Articles on electronic health record planning, purchasing, training and so on do a great job of focusing on the technical aspects doctors need to know about EHRs, as well as what kinds of questions to ask vendors.
What about your staff? Those are the people who carry your practice on their backs and ensure the success of the EHR. Below are some tips to support your staff through the phases of electronic health record adoption.
Preparation, Planning and Organizational Phase
Your first step is to plan pursuit of an EHR for your practice. Your staff should be involved in varying degrees. For instance, all staff members should become familiar with a glossary of EHR terms so they won’t be thrown off once acronyms like CPOE and HIE start getting tossed around.
It’s also important to move into EHR adoption gradually, adopting one or just a few components per each phase of the adoption. This kind of EHR migration path eases technology adoption for all members of your staff.
Create goals with your staff members, then hand them back so they can become better acquainted and personally invested in the practice’s mission. Using the S.M.A.R.T. goal model helps here – it’s easy to separate goals into Specific, Measurable, Achievable, Relevant and Time-bound checkpoints.
And finally, included in this first phase is how to organize the effort. How much staffing does your practice need? How much work can be accomplished through voluntary time?
Training and Implementation
As you transition from organizing your EHR efforts, you realize you may need additional staff, especially if you’re a mid-sized to large practice. You may also realize it’s beneficial to bring in expert consultants, so ensure your staff that this is really just temporary help, and no one will be cut.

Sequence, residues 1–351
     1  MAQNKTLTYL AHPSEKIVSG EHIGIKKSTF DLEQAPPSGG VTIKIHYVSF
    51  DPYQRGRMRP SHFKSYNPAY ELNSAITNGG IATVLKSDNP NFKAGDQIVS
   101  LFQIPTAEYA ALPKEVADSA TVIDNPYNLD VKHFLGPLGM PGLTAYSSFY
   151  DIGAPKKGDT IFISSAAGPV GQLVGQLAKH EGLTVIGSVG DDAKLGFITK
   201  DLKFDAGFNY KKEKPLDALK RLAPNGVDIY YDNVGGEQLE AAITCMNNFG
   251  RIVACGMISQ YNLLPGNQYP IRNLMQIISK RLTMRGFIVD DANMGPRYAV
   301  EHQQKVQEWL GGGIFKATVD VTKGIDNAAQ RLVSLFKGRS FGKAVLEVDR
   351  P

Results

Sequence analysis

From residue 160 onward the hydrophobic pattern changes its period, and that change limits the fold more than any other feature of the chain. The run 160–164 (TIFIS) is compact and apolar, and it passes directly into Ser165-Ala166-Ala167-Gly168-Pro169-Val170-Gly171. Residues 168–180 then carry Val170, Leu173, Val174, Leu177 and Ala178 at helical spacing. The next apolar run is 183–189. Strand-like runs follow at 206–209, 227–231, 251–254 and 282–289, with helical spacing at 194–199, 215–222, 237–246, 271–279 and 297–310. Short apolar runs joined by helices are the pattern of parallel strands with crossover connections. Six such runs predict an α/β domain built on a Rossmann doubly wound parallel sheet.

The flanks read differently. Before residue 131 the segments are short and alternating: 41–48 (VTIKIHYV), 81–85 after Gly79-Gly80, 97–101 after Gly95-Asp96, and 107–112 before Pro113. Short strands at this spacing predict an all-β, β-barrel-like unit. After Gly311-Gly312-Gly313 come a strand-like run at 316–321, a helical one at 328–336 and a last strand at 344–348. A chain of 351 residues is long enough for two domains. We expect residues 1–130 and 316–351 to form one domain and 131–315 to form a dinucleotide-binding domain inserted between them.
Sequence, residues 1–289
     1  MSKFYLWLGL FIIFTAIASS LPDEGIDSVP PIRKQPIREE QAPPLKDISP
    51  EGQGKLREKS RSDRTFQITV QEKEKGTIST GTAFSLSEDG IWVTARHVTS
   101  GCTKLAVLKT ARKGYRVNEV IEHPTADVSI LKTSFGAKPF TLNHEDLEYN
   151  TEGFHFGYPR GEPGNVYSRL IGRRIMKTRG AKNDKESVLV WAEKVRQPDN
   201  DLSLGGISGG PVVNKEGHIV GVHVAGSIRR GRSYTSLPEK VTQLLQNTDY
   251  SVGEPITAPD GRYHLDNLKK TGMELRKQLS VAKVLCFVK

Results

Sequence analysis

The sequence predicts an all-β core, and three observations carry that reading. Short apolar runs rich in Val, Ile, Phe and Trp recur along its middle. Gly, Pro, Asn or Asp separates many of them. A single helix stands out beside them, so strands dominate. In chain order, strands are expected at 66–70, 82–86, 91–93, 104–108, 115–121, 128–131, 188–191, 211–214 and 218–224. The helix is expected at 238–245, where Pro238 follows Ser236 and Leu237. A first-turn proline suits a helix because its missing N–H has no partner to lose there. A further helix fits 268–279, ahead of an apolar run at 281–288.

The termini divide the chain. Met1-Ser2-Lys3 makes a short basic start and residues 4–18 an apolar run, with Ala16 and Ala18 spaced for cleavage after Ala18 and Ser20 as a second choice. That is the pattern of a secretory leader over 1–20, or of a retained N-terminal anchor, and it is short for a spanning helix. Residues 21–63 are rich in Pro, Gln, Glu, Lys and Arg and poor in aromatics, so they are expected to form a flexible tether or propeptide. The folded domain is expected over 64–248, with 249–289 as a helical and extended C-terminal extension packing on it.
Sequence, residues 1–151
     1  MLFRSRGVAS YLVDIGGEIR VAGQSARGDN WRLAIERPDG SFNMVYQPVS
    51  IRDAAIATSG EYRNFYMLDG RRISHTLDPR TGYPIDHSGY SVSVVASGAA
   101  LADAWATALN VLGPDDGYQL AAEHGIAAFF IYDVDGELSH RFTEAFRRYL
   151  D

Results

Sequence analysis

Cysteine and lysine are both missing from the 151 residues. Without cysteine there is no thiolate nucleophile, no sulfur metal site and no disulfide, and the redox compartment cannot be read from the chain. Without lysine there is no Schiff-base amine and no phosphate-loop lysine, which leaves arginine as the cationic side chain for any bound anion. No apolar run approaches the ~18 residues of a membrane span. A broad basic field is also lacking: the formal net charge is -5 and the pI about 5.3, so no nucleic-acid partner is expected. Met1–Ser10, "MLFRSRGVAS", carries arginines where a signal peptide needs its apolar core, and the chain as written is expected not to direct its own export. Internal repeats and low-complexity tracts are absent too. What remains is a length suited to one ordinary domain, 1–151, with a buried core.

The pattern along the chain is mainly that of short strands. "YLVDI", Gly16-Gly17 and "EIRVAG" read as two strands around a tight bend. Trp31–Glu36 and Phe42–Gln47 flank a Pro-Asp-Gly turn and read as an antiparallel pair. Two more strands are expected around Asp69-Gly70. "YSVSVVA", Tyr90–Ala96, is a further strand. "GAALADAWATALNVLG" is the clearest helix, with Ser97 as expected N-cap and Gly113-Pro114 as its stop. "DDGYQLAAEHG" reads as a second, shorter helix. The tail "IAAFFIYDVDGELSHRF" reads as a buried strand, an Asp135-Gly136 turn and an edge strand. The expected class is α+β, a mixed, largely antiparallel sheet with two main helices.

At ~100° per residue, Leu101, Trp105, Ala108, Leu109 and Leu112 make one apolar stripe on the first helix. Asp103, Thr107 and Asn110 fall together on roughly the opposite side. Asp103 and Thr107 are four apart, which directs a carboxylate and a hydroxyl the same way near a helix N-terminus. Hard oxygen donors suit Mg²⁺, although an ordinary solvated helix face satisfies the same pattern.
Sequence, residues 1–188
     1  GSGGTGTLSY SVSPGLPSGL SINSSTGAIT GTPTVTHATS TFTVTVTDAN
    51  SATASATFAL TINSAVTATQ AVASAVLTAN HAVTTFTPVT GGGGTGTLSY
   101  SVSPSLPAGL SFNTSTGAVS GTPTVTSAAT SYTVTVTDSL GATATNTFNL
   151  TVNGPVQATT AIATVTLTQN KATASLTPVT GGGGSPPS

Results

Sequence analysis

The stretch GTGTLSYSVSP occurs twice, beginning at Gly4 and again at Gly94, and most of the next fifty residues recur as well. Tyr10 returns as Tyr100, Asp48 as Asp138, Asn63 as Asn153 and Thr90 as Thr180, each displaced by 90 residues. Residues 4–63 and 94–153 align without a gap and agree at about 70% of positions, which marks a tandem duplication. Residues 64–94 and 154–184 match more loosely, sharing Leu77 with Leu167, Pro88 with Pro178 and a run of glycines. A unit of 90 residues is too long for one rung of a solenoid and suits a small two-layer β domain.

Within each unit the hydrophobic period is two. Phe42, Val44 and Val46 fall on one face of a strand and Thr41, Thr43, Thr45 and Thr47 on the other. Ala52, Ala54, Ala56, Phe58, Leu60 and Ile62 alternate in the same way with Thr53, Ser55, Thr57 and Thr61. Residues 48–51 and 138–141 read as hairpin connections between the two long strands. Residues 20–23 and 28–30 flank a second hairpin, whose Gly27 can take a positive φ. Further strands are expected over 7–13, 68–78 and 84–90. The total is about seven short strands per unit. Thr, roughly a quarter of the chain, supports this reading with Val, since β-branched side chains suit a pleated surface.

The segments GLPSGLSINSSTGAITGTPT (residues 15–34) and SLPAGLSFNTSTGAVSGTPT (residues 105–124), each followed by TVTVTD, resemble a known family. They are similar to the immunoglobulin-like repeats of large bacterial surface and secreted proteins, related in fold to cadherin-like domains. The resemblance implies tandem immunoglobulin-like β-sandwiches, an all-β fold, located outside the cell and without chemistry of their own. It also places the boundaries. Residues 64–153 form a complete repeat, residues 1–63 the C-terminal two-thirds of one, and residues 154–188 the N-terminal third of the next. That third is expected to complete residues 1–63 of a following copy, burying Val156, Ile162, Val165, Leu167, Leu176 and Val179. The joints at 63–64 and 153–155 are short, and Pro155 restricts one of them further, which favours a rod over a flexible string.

Remind your staff that extra hours and ongoing commitment to the EHR past implementation will make their jobs easier by expounding on the benefits of a paperless practice and streamlined workflows.
During training, you’ll be assigning one in-house clinician to be trained by the vendor. This staff member will then serve as the practice’s trainer, and it’s essential that you give him/her the authority necessary for other staff members to listen.
Furthermore, create an EHR project team from your staff, and ensure they receive proper education and training on what an EHR is, what steps are involved in implementation and how to achieve optimal utilization to meet practice goals.
Lastly, members of your staff who will be using the EHR must be trained as close to go-live as possible. The day before the EHR goes live, hold a rehearsal with your staff to ensure they at least have a basic grasp of the functionalities they are responsible for.
Role play between physicians and staff members acting as patients verifies your clinicians and staff members have been properly trained, provides a practice session where they can get rid of some of the butterflies in their stomachs, and helps them feel comfortable using the system at the point of care.
Begin by identifying problematic staff members, and employ some of the change management techniques we discussed last week.
Later, realize there is more to full adoption than simply getting your staff to use the EHR. Ensure goals are being met by checking whether staff members and other physicians at your practice are fully documenting visits with the available templates and prescribing medication electronically.
Also, monitor non-physician staff use – ensure they’re making full use of the appointment scheduler, or processing any requests a physician at your practice may have. This is the time to bring back the abovementioned S.M.A.R.T. goals and measure their rate and level of success post-adoption.
Once you’ve monitored your original workflow and process goals, enhance staff training if some members are falling short in some areas of EHR usage, and review workflow and process goals with your users.
Lastly, if an employee at the Apple store congratulates you on your new iPad, why wouldn’t you celebrate your new electronic health record? You can use the EHR to reform your practice culture.
Plan the celebration, too, using help from a group of staff members in charge of this – a party planning committee, if you will. Don’t forget to tailor to your practice’s organizational culture and if you always celebrate things at the office with a pizza party, dare to change it up!
How do you plan to support your staff during the stressful EHR process?Tweet